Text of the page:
Winds of change

Winds of change

Project cargo imports into the U.S. plunged last year after many power plant projects on the verge of beginning construction instead were canceled or placed on hold in the wake of Enron's collapse in late 2001 and California's botched deregulation of its energy market.

What is emerging in its place for the project cargo market is an alternative energy source: wind generation.

Nationwide, the deregulation of domestic power markets has slowed to a crawl in the wake of political and technical hurdles that sapped the momentum to open the industry to free-market forces. The Federal Energy Regulatory Commission has reined in plans for a national market and instead is focusing on developing regional hubs. Scores of U.S. power plant construction projects - including three by Teco Energy and seven by Reliant Energy - have either been suspended or canceled.

"There is a decline in project-cargo volumes from the Far East to the Americas that has followed the decline in power generation," said Greg Stangel, vice president of marketing systems at Intermarine USA. "There was a large domestic building boom trying to take place that had a lot of equipment moving. Then Enron and California deregulation burst that bubble.

"Now, a lot of that equipment that's been imported is sitting in storage," he said. "Meanwhile, wind generation is big in North Europe and it's beginning to catch on here. The Europeans are building big islands in the North Sea with windmills 200 feet high."

Germany is the world leader in installed wind power capacity.

Technological advances have improved the efficiency of wind generators, boosting their popularity and application, allowing them to produce power on a massive scale, powering entire small cities. Electronic monitoring; taller turbine towers; and more aerodynamic, larger blade designs now allow a 1.65-megawatt turbine to generate 120 times the electricity of its predecessor in 1980, according to the American Wind Energy Association.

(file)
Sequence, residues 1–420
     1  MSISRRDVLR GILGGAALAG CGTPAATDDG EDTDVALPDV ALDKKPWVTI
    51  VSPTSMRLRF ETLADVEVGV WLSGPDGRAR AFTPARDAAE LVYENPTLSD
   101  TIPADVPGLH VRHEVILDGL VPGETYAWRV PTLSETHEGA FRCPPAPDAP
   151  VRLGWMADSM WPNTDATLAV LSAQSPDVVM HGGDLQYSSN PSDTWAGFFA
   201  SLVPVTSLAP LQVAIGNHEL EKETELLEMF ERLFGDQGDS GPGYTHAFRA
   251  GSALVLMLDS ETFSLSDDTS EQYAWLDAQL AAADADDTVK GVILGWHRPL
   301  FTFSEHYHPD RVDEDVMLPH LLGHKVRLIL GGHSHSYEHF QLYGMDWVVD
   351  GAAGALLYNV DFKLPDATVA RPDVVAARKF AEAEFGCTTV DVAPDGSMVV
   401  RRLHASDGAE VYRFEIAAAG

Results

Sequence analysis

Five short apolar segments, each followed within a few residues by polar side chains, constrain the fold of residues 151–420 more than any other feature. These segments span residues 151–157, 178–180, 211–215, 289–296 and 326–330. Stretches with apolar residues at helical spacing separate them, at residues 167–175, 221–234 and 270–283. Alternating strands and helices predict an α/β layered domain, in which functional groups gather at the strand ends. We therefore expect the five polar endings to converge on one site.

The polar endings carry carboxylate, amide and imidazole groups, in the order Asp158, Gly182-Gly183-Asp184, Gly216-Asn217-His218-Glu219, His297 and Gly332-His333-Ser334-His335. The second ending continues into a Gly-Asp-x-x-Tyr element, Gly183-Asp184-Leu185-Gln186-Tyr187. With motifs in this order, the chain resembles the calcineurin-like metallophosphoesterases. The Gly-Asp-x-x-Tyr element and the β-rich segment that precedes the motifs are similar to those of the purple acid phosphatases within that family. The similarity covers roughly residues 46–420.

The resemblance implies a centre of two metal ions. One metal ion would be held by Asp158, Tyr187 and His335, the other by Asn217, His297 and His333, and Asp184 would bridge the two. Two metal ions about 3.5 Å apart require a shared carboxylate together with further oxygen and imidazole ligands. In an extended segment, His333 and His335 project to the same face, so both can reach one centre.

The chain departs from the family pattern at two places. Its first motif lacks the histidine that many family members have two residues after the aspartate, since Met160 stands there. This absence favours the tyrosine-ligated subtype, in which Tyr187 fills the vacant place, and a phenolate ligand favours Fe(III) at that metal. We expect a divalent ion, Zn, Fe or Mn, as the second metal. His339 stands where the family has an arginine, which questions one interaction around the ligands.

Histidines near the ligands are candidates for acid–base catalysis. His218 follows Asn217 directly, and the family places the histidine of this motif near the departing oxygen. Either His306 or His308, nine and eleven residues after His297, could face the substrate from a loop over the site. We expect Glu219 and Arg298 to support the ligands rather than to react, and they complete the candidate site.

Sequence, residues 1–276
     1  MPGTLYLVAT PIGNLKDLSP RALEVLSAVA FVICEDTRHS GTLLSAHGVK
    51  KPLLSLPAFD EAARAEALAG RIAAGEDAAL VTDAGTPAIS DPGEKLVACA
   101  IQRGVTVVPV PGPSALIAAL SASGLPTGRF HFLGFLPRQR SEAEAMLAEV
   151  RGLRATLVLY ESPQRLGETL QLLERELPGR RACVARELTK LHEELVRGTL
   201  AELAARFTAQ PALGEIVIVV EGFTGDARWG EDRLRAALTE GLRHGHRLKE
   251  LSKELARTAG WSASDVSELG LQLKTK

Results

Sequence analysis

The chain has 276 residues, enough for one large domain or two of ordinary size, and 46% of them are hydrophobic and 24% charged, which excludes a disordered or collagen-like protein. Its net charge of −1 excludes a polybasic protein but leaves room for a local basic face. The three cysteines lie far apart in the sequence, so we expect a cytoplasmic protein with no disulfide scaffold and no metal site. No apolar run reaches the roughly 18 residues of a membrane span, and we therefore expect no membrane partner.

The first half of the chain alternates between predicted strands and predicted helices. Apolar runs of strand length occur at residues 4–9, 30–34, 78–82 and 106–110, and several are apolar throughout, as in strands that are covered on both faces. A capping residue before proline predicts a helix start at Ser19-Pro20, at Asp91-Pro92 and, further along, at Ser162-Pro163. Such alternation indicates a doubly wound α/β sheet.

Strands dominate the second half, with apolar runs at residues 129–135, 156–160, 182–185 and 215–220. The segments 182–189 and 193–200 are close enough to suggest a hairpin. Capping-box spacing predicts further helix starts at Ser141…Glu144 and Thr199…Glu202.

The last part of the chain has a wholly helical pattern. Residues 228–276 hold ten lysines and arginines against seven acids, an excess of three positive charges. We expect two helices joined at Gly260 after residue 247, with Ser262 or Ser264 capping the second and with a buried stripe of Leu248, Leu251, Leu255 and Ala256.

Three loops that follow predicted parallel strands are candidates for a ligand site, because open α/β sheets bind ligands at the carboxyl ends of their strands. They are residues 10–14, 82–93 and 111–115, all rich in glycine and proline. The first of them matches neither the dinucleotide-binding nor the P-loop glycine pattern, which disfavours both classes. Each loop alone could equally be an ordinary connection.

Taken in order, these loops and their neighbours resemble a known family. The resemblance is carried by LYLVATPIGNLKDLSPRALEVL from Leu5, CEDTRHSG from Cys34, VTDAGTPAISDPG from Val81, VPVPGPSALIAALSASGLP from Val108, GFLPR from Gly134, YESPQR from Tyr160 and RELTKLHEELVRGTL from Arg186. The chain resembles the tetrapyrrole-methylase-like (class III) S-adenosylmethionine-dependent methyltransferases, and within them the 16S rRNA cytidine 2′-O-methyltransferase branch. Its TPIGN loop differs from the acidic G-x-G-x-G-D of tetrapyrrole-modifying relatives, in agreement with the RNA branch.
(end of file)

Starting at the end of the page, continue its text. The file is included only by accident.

That capability of modern wind turbines is attracting the attention of utility companies. Iowa's largest utility, MidAmerican Energy, plans to build a 310-megawatt wind-energy-generating facility, which at $323 million is the largest land-based wind project in the world.

The wind farm will consist of 180 to 200 turbines, each producing about 1.5 megawatts of electricity. The electricity generated will be enough to power 85,000 homes, according to the utility company. The first units are scheduled to come on line by the end of 2004, and MidAmerican hopes to have the project completed by 2006.

Iowa is ranked as the 10th windiest state in the nation, and is third behind Texas and California - where several large wind farms have been built and more are under construction - in wind energy production. Other wind generators are being built offshore in the Northeast.

The total installed capacity of wind energy in the U.S. at the end of last year was about 4,600 megawatts, enough to serve more than 1.2 million households. The AWEA estimates that wind energy could provide 6 percent of the nation's electricity by 2020.

Utilities in Illinois, Wisconsin, the Dakotas and Nebraska also are discussing wind generation.

Their components are shipped mostly from Brazil and Denmark. Intermarine USA, Wallenius Wilhelmsen and BBC Chartering & Logistics have handled large shipments of turbines and wind blades in the past year. BBC recently handled a shipment of components for 81 wind generators on 12 vessels into Houston, bound for northern California. Wind generation now accounts for about 1.3 percent of all electricity supply in California.

"We handle wind power out of South America for General Electric," said John Felitto, general manager of sales at Wallenius Wilhelmsen, which in April dedicated a new vessel to handle windmill blade shipments from Brazil to Galveston, Texas.

The Enron scandal has also hit the wind generation energy. Andrew Fastow, Enron's former chief financial officer, and his wife, Lea, Enron's former assistant treas-urer, are accused of masking Enron's illegal ownership in a group of California wind farms. They allegedly funneled tens of thousands of dollars in farm profits to themselves.

In other regions, officials with Public Service Co. of New Mexico say a field of giant wind-powered electricity generators are scheduled to go online by the end of July. The project, which is being developed by Florida Power & Light Energy, will have 136 of the 210-foot tall wind towers that are expected to generate enough electricity to supply 94,000 homes.